Geospatial skills are key for improving our built environments – here’s how we get them
We’ve seen numerous stories of how data scientists and the democratisation of data and technology are poised to transform industries, from healthcare right through to automotive. Take financial services, where insights from mathematical models using both historical and real-time events data are combined with social media analysis to inform stronger investment decisions and better service for customers.
For the built environment, the challenge of adopting such an approach and reaping the benefits lies in the complexity of the industry and how it operates. Construction and infrastructure projects, when done well, can better support society and improve efficiency, for example, by reducing our carbon footprint.
At the moment, these industries rely on traditional materials and traditional skills and require a myriad of different parties – from subcontractors to consultants to local teams. What’s needed in response to this is an infrastructure to support a diverse set of data skills, so all these parts can work together – and this is where the geospatial industry has a crucial role to play.
Geospatial specialists use some of the latest technologies and skills available, such as large-scale geo-analytics imagery and hyperspectral laser scanning, to facilitate better decision making. We tend to think about data differently to data scientists, putting location at the heart of any project or analysis to create a project that best serves a city or community. As such, we can bring a vital perspective to the spaces in which we live.
Geospatial data skills and technology are integral to modern-day engineering projects. Far from a ‘bolt-on’ or afterthought, they are key to the successful delivery of our major infrastructure projects; helping identify timely opportunities, mitigation and better understand local and regional context.
Any built environment project, such as the masterplan for a city, will have a dependency on the use of geospatial data, that is essential to understand the interdependencies of space, systems and context. The ability to interrogate and visualise multiple and disparate datasets together enables greater comprehension of the space and designs available, resulting in better design choices.
By way of example, Arup was commissioned to deliver the design for part of the Great Western Main Line electrification programme; the UK’s largest electrification project since the 1980s. The design and construction of the overhead line equipment required changes to and the build of a variety of supporting infrastructure along the route. Central to this project was the geospatial data skills and technology that enabled the creation of a set of data visibility tools and processes to improve the accuracy and speed of design and construction, as well as the reduction of health and safety risks. These award-winning tools and processes created several efficiencies; including an estimated 13,667 of working hours saved as well as a significant reduction in design team site visits.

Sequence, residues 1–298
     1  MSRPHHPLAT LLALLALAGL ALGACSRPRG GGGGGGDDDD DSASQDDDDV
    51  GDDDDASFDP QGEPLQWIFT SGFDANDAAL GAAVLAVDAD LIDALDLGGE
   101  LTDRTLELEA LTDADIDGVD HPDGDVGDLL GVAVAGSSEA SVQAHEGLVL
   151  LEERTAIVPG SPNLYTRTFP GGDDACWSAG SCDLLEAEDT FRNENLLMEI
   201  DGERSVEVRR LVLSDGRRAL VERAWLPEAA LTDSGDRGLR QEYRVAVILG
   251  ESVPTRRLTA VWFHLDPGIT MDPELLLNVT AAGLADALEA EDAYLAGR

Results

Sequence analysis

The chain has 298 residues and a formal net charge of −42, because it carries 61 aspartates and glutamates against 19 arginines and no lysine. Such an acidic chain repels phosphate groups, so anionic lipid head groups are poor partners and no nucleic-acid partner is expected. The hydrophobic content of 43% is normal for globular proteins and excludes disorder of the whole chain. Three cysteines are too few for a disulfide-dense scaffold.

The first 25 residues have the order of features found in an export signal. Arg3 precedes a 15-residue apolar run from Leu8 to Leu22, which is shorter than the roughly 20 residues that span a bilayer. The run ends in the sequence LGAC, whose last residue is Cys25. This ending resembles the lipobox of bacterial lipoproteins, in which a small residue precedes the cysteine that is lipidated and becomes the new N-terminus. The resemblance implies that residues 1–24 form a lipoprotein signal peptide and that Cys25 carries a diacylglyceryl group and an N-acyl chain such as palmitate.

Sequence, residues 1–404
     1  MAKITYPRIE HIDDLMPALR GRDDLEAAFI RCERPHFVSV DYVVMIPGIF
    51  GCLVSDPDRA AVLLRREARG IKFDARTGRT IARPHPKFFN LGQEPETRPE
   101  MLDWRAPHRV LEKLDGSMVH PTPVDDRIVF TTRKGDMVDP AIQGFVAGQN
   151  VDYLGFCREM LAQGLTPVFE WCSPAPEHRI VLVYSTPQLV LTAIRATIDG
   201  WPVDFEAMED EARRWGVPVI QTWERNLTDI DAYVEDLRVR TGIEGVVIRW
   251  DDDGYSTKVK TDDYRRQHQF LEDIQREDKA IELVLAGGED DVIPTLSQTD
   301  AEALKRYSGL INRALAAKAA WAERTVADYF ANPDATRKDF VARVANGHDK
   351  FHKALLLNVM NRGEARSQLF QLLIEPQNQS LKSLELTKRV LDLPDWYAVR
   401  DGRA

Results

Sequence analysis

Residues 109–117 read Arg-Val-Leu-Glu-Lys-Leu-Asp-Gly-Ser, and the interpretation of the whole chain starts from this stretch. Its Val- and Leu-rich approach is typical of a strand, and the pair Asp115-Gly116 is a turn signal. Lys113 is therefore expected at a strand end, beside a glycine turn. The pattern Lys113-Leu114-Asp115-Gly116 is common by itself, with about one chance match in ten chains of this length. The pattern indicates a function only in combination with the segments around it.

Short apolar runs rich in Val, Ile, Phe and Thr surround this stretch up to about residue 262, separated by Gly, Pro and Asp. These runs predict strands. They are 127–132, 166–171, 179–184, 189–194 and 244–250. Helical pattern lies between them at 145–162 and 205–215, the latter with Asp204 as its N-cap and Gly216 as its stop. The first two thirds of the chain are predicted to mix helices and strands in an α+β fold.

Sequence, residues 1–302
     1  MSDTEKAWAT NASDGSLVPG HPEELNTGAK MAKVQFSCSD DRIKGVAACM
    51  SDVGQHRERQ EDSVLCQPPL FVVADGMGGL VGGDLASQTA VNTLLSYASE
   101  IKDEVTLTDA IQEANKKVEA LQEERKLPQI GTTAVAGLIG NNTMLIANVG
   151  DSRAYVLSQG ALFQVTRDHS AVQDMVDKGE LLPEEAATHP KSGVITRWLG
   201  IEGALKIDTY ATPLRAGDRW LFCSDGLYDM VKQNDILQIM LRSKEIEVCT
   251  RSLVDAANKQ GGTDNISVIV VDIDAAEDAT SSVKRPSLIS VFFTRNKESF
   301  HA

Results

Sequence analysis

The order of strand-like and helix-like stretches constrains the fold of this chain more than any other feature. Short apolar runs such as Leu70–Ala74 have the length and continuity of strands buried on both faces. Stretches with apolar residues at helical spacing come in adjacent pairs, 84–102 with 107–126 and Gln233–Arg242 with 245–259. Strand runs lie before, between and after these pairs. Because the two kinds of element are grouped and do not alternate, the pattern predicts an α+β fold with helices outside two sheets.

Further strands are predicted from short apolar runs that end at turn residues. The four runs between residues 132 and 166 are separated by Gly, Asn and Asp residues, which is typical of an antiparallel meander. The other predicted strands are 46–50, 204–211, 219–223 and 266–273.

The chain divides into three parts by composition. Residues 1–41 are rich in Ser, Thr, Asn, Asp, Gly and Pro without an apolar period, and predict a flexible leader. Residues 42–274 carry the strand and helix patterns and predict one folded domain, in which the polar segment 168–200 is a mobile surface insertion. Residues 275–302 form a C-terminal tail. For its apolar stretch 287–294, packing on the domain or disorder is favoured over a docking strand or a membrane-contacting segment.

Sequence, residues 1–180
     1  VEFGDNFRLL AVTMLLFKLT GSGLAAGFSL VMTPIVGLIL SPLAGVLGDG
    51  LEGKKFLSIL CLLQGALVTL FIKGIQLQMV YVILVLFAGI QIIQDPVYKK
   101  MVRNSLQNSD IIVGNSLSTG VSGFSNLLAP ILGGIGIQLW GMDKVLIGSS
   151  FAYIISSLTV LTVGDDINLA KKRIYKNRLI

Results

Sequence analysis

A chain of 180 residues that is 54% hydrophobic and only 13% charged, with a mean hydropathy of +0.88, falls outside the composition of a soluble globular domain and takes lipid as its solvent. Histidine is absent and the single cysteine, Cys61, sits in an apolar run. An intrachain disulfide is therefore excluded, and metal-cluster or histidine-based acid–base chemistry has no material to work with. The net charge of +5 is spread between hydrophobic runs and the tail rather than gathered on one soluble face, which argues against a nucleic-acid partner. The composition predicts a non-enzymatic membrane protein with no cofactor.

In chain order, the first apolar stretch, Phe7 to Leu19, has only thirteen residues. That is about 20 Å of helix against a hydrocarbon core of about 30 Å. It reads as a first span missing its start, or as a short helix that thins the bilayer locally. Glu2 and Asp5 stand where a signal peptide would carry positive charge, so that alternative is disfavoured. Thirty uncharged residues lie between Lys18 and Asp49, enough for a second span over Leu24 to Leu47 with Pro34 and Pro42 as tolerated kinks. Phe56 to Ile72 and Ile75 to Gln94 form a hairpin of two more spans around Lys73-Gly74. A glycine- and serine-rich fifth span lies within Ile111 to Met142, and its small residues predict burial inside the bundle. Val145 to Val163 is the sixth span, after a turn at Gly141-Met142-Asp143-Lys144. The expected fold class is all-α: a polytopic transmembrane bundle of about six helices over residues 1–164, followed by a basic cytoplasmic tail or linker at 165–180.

We need to ensure those typically doing a geography degree or a Geographic Information System (GIS) masters understand their skills are highly sought after across the built environment and that they can play a central role in our infrastructure and how the cities of the future are shaped. It is essential to the future of the industry we have a pipeline of the right skills available and that a new wave of data science skills is balanced with those from geography and geospatial backgrounds.
Geospatial data skills and technology must permeate across sectors and projects in the built environment. The most successful projects are those that combine both geospatial data and data science skills to find the value in the spaces between them. Planning teams, therefore, need to hire a diverse range of digital skills to remain competitive and support future growth. As professionals in the built environment, we need to think about how to better collaborate to facilitate stronger decision-making and deliver the most efficient outcome.
The road ahead for the UK geospatial sector is an exciting one – as geospatial experts, we need to shout more loudly about what we do and the value that we bring to major projects across the UK. Whatever happens, we need to think about opening our industry at all levels, so that geospatial specialists can truly thrive to deliver on the most innovative projects, smart infrastructure and ultimately create wider social value.